As the mom of an almost teenage daughter, it’s easy for me to get caught up in doling out life lessons whenever and wherever I find an occasion. You can imagine how well that goes over. Maybe you’ve even been there yourselves. Usually I evoke a response somewhere along the lines of: “Tell me something I don’t know, Mom!” or “My shoes hurt.”
I can talk to my daughter about racial relations and try to describe what it was like for us Wanderboomers to live through the ’60s (at least the parts I can recall). Or, I can show her a snapshot, by taking her to see The Help, a movie based on Kathryn Stockett‘s vivid portrayal of the relationships between white women and their black maids in the South in the ’60s.
The movie is rated PG-13, due to language, and scenes of a miscarriage and physical abuse, though the latter is portrayed off-camera. More importantly, the movie captures a tumultuous time in our nation’s history when we were forced to confront the need for social change, resulting in the Civil Rights Act of 1964.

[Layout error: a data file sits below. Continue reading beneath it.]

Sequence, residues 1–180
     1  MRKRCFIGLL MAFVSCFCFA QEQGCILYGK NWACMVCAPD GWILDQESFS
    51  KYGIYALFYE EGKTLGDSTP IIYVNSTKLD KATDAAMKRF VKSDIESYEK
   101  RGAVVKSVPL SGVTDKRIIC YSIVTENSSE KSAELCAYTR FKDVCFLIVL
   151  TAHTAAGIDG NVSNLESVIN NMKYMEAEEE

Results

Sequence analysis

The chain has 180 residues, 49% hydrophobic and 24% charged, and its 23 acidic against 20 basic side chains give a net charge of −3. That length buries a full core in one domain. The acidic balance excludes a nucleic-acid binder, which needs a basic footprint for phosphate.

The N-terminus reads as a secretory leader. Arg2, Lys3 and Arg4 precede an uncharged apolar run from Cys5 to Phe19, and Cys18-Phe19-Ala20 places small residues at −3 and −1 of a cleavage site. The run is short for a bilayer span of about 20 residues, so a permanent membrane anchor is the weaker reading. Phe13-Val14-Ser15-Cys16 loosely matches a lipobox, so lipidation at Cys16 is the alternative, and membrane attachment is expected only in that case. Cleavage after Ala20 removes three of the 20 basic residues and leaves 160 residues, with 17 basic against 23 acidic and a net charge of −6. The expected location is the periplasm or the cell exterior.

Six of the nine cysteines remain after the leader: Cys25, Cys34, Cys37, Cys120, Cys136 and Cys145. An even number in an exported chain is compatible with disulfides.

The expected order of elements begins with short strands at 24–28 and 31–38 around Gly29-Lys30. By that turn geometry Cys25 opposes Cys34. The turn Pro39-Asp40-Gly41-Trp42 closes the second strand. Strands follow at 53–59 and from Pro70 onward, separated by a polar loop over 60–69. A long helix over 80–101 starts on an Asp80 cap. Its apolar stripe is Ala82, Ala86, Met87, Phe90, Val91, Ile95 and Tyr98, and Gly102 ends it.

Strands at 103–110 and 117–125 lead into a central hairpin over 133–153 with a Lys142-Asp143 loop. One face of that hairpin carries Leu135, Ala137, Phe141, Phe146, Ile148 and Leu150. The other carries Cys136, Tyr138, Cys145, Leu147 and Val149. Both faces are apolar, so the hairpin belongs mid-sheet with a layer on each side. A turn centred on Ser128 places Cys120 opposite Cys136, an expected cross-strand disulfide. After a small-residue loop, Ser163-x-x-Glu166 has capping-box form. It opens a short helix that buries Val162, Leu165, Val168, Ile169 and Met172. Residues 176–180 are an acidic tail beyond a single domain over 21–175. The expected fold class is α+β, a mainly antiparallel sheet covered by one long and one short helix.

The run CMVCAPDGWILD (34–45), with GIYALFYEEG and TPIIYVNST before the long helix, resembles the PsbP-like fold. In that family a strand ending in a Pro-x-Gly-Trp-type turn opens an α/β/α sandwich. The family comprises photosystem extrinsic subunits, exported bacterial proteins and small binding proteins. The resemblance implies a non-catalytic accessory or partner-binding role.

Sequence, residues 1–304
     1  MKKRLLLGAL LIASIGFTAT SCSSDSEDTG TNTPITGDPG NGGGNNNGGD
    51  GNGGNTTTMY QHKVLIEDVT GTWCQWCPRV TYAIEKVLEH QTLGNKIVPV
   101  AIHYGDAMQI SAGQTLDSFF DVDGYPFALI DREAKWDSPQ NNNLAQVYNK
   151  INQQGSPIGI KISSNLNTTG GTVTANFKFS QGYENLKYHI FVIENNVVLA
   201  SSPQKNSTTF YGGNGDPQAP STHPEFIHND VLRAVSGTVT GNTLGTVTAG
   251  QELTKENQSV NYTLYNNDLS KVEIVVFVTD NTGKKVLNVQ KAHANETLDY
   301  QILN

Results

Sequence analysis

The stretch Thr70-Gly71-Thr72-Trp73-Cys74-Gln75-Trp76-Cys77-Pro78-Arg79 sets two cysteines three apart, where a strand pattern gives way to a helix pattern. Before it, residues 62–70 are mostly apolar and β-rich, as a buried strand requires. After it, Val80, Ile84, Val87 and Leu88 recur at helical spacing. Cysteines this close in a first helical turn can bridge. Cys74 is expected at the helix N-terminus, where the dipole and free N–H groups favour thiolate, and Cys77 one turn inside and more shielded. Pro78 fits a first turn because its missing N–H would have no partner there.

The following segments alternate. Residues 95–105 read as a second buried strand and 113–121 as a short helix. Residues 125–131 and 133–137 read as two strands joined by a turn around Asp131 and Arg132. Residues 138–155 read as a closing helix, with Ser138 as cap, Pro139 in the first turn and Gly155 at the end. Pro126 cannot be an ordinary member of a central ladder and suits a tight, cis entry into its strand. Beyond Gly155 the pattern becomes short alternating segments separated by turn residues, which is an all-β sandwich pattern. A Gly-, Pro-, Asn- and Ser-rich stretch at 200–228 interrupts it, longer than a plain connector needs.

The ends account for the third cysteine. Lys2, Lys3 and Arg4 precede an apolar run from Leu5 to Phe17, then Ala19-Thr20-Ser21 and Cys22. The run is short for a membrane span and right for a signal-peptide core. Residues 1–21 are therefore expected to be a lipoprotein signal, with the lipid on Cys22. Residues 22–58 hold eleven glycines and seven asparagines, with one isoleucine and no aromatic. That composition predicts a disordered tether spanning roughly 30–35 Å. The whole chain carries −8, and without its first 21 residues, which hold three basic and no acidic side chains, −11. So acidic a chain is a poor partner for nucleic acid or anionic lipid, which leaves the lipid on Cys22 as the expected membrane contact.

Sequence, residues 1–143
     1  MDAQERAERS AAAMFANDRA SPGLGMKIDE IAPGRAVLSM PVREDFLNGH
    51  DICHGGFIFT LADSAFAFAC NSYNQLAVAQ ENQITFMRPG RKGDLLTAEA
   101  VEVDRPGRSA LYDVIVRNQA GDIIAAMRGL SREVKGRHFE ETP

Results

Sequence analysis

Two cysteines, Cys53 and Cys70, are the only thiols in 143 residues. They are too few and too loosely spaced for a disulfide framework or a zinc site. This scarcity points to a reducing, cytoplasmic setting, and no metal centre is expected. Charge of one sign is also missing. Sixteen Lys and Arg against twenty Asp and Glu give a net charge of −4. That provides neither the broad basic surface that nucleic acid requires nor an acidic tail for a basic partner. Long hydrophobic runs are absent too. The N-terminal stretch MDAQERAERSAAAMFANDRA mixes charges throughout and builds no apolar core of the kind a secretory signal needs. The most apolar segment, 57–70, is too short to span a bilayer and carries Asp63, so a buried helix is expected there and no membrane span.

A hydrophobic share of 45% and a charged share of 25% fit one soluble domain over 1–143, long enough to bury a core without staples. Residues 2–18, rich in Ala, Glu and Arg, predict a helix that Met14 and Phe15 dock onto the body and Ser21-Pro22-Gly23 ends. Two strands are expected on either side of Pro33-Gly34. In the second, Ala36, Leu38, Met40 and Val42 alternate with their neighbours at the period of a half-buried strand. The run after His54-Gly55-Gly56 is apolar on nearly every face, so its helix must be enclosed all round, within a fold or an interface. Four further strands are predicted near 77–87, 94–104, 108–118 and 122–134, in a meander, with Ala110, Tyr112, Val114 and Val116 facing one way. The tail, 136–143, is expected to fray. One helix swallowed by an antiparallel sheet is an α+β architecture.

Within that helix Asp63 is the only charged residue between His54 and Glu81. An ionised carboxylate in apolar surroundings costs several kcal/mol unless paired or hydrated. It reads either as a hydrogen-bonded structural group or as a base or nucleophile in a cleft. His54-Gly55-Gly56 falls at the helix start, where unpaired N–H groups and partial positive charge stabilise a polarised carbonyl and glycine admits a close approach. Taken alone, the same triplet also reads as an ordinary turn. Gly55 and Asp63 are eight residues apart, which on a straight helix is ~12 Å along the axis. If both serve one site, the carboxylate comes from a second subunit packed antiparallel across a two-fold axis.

As we watched the film together, I realized I was almost the same age then as my daughter is now. And I had been as removed from the actual real-life events as my daughter was observing them unfold on the screen. I didn’t grow up in the South. I didn’t know anyone personally who was treated less than human because of their skin color. That doesn’t mean it didn’t happen where I grew up, simply that as a child, I wasn’t aware of it in my small, rural community. But even in my remote location in Upstate New York, we learned about civil unrest brewing elsewhere from the images that flooded the TV news.
As in any art worth its weight, there are scenes in The Help that made me squirm, laugh and weep. The book and the film are not without controversy. But if you’re looking for a film to share with your mature teenager, that shows some of what the 60’s were about, then consider going together to see The Help. It just might spark a thoughtful conversation – whenever your teenager starts talking to you again.
What are your thoughts on the film and/or book The Help, Wanderboomers?